A quote attributed to both St. John Chrysostome and St. Gennadius of Constantinople goes along some variant of “The rich exist for the sake of the poor, and the poor exist for the salvation of the rich.” These words are as true as when they were first said in the fifth century and are as relevant for our times today, for while there have always been rich and poor, the two form a circle that is supposed to be mutually beneficial. Wealth is a gift from God, and one is expected to use it wisely. Likewise, the impoverished have a gift of faith and love for other men, especially the wealthy, which Christ warns that it is easier for a camel to go through the eye of a needle than for a rich man to enter into Heaven. These are very troubling words for so many, and understandably so, for God is powerful, He is merciful and He is just, and He is the standard of all and to who all will return.
One cannot support the death of the rich as much as one cannot support the death of the poor, for the two are different but necessary and must be respected. It is not one who favors another of the groups, but finding balance between them that benefits both groups. This is part of conflict throughout history, which can be written as the struggle between the powerless and the powerful to find a just balance in a world that is afflicted by original sin.
One of the great tragedies of man is that when imbalances to this struggle happen which are very severe, violence often results. It can be the rich against the poor, or the poor against the rich, but it does not matter how it happens. The fact is that one tries to overtake the other and instead of harmony, death is the end. This is why the Catholic Church is so emphatic about the concept of the “three estates” of society- the rulers, the ruled, and the Church acting as the binding and separating agent between the two that partakes of both but is bound intrinsically to neither. This is also the reason why the Church tends to eschew nationalism, because while supporting a nation is good, it can put a disproportionate emphasis on the rulers instead of the ruled. In the same way, it is also why the Church tends also historically to opposed a ‘populist church’, because this has the same effect but with the reverse emphasis.
During the French Revolution, which was a populist uprising backed by very wealthy interests, the French countrymen thought they were ‘rebelling’ against ‘the elites’, which was the French aristocracy. They beheaded them, but also proceeded to attack and behead many members of the Church and in destroying the Church and current ruling class, only established a new and more abusive class of rulers over the French people in the form of a banking and industrial oligarchy accountable to no one who could rule by political funding instead of direct accountability as with the previous king. Their “guillotining” of the rich did nothing other than get rid of one group of questionable rich people and replace them with a group of just bad rich people.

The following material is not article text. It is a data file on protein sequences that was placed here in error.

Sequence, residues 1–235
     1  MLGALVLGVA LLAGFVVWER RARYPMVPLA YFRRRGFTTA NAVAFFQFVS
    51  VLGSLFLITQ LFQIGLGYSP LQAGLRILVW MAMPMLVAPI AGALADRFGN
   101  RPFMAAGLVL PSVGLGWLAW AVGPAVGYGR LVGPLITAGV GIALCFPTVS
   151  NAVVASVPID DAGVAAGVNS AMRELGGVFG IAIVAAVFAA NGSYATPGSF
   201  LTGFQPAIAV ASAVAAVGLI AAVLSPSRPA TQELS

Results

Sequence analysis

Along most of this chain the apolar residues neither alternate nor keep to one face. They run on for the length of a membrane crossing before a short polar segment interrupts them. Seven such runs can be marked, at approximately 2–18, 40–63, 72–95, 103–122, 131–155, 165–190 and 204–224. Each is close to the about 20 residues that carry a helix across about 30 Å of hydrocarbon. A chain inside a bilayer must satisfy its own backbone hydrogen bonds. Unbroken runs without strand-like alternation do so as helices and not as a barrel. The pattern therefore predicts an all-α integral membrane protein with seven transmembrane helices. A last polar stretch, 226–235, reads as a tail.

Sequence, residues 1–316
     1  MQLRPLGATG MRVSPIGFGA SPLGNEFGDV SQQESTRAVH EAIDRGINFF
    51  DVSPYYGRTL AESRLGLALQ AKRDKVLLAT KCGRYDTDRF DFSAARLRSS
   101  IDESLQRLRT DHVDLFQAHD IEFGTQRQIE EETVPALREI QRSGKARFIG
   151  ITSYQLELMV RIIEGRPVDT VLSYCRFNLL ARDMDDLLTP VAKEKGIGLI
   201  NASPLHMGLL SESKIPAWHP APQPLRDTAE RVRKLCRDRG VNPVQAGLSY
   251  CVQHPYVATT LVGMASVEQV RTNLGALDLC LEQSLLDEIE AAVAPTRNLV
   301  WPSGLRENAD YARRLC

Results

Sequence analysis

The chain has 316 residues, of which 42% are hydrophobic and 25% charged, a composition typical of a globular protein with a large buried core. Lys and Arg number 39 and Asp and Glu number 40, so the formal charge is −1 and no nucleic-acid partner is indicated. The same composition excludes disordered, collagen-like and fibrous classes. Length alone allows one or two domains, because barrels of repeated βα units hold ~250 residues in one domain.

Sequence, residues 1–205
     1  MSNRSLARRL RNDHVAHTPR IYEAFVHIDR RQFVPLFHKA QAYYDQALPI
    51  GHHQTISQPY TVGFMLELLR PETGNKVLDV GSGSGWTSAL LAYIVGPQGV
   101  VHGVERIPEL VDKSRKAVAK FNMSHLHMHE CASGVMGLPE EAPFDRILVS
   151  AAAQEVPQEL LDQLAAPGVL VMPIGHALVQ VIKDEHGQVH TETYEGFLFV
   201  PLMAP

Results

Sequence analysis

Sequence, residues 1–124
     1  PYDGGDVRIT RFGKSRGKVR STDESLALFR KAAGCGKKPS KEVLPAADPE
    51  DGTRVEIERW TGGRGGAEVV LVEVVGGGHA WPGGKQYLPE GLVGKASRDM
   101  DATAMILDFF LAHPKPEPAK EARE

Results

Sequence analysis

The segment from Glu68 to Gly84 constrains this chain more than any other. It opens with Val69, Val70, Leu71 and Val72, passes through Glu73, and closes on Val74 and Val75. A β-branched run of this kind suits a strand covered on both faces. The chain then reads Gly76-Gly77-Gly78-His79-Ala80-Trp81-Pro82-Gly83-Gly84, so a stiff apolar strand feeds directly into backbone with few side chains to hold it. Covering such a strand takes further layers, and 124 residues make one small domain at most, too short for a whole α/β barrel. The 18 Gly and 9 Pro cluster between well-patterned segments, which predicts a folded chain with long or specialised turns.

Since this is a pattern throughout history, and times change but the nature of man does not, it is with great interest that I have noted that the conditions of the laboring man, who has been reduced to the state of a modern-day slave, is starting to talk in light of this virus and the financial havoc it has brought to him with language similar to that used in the French Revolution.
If one goes to Twitter, the hashtag #guillotine2020 has become very popular, with people clamoring for the execution of the rich.
One only needs to put the hashtag in to see it.
Likewise, there are also calls for general violence against rich and powerful people, from celebrities to politicians, that seem to be embraced by both sides of the political spectrum.
This is part of what I have described as the “gift that keeps on giving” with the virus, which is that a workers’ rebellion is beginning to form as angry people are demanding radical solutions to the problems of society all of which have the basic premise of overthrowing the previous order. However, since times change but the nature of man does not, this is not only not the answer, but will result in what happened with the French Revolution, which is the perpetuation of the previous system of abuse but with different faces, and with a very strong chance that the abuse will be even worse than before yet will be presented as something good while the people will continue to suffer.
It must be made very clear that in a situation such as what is happening right now, violence is not only NOT A SOLUTION but it is probably the most effective way to extend for an indefinite time period the same problems of the past with much more severe repercussions.
The best way to deal with the current problems is to support peace on both sides, and to not participate in what is taking place. People are likely going to fight, and while there will be calls to “take a side”, there is no side to take because there is no “winning” side in this fight. If anything, the best thing would be the natural, slow, and measured passing of the previous order to a new order, as with the cycle of life in every generation that allows for an organic transition instead of a sharp one.
Remember the lesson of the movie Wargames from 1983 about “geothermal nuclear war”, which the lesson is ‘the only way to win is not to play.’
This is the lesson for today. There is no winner in a contest between two evil positions. The way to succeed truly is to flee from both.